Jewtopia: Film Review

Jewtopia Poster - P 2013

Jewtopia Poster - P 2013

Cheap gags and ethnic stereotypes abound in this hopelessly dated and formulaic rom-com.

A Gentile pretends to be Jewish in this romantic comedy based on the hit stage play by director Bryan Fogel and screenwriter Sam Wolfson.

Its title all too indicative of its broad, sophomoric humor, Jewtopia feels like a failed sitcom pilot that might have been created by Jackie Mason. This romantic comedy about a Gentile posing as a Jew to win the girl of his dreams traffics in the predictable stereotypes that felt dated decades ago. Based on a long-running hit stage play by director Bryan Fogel and Sam Wolfson, it’s unlikely to reap similar success with its cinematic incarnation.   

The plot concerns the efforts of the aptly named Christian (Ivan Sergei) to woo the beautiful Alison Marks (Jennifer Love Hewitt) -- the daughter of a rabbi, no less -- by pretending to be Jewish, complete with the fake name of Avi Rosenberg, and claiming to be a doctor instead of a plumber. Coaching him in his elaborate pretense is his one Jewish friend, Adam Lipschitz (Joel David Moore), who has familial and romantic problems of his own.

Among Adam’s lessons is advising Christian to be sure to make a big fuss at a restaurant, to which he complies by making endless demands of the waiter and, when they’re finally met, saying, “Thanks, mensch.” Meanwhile, Adam has to cope with his increasingly hysterical fiance’s (Jamie-Lynn Sigler) anxieties, including her fear that her vagina isn’t pretty enough.

Trafficking in the usual cliches—Christian’s parents (Nicollette Sheridan and a woefully miscast Peter Stormare) love guns and NASCAR, while Adam’s embroidery-dealer father (Jon Lovitz) suffers from endless panic attacks -- the film even goes so far as to render humor from Christian’s decision to make himself more physically suitable for his would-be partner.

“Next time, don’t trust your circumcision to an HMO,” a nurse cynically advises him.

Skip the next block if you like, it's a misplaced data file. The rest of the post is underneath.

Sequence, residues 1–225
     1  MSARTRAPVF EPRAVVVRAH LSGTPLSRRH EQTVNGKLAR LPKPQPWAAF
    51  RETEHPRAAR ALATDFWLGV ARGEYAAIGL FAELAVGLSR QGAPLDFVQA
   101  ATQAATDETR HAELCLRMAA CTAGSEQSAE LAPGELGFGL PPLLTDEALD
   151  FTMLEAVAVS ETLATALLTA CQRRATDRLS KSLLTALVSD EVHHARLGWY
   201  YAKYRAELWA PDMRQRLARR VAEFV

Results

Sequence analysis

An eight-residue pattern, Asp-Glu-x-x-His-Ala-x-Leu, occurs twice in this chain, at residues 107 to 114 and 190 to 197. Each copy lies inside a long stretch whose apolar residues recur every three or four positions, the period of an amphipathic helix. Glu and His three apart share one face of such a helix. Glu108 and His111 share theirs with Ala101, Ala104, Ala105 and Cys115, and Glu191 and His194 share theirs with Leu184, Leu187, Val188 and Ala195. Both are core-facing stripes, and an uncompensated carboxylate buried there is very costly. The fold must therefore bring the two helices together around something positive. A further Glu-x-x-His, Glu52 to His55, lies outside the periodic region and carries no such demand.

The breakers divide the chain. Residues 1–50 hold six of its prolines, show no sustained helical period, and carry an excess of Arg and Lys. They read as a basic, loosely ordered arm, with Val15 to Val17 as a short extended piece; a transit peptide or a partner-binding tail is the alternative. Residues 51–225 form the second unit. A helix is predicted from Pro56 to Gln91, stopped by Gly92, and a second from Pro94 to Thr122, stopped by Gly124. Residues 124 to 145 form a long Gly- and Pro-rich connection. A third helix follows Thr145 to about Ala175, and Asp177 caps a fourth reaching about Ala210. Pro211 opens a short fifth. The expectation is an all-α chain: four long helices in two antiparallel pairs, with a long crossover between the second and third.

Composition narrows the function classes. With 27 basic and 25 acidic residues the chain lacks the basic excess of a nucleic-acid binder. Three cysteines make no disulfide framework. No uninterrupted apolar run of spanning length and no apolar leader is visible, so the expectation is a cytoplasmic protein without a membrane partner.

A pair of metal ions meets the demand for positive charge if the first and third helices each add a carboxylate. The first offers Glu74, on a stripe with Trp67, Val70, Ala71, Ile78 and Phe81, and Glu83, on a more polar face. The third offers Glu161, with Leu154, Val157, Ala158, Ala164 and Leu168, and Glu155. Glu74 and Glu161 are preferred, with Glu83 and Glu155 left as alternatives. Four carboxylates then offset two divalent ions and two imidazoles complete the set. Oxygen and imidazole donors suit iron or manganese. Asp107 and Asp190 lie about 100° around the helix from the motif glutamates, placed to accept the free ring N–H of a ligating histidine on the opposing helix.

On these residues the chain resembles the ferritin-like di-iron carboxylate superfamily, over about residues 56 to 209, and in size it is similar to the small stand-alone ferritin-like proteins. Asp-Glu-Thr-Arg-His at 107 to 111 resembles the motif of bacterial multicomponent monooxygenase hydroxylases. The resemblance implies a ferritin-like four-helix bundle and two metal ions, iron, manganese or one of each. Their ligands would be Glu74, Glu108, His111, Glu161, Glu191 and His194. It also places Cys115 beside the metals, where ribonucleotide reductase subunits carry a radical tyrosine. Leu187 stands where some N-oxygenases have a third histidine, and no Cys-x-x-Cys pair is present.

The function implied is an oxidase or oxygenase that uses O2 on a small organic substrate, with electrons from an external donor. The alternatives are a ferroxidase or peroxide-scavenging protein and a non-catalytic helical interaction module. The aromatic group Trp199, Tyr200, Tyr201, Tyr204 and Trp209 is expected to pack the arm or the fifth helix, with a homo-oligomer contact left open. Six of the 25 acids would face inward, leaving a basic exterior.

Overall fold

Besides the fact that its comedic premise is as old as the hills, the film suffers from a plethora of cheap gags and stock characters guaranteed to offend almost everyone. And while Moore delivers an amusingly deadpan comic turn, Sergei lacks the charisma to make his deceitful character remotely sympathetic.

Somehow, director Fogel has managed to corral a gallery of well-known actors to participate in the proceedings. Besides the aforementioned performers, the formidable cast includes such comedy veterans as Tom Arnold, Wendie Malick, Rita Wilson and Everybody Loves Raymond creator Philip Rosenthal. It’s safe to say that few of them will want to include it in their resumes.

Opens Sept. 20 (Variance Films)

Production: Le Petit Canyon Productions

Cast: Ivan Sergei, Joel David Moore, Tom Arnold, Jennifer Love Hewitt, Jon Lovitz, Wendie Malick, Nicollette Sheridan, Jamie-Lynn Sigler, Peter Stormare, Rita Wilson

Director: Bryan Fogel

Screenwriters: Bryan Fogel, Sam Wolfson

Producers: Andy Fickman, Bryan Fogel, Pavlina Hatoupis, Dan Keston, Courtney Mizel, Tucker Tooley

Executive producers: Andy Fickman, Bryan Fogel, Joel David Moore, Sam Wolfson

Director of photography: Sandra Valde-Hansen

Editor: Wendy Smith

Production designer: Denise Hudson

Costume designer: Caroline B. Marx

Composer: Nathan Wang

Not rated, 89 min.